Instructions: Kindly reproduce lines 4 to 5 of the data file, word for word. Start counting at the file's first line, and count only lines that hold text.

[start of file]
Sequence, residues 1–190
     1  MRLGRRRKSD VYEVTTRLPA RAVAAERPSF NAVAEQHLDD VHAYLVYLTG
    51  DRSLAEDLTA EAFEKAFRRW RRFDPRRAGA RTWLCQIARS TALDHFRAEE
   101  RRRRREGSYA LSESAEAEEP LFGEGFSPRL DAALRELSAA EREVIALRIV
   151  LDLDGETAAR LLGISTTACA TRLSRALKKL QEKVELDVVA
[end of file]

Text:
   101  RRRRREGSYA LSESAEAEEP LFGEGFSPRL DAALRELSAA EREVIALRIV
   151  LDLDGETAAR LLGISTTACA TRLSRALKKL QEKVELDVVA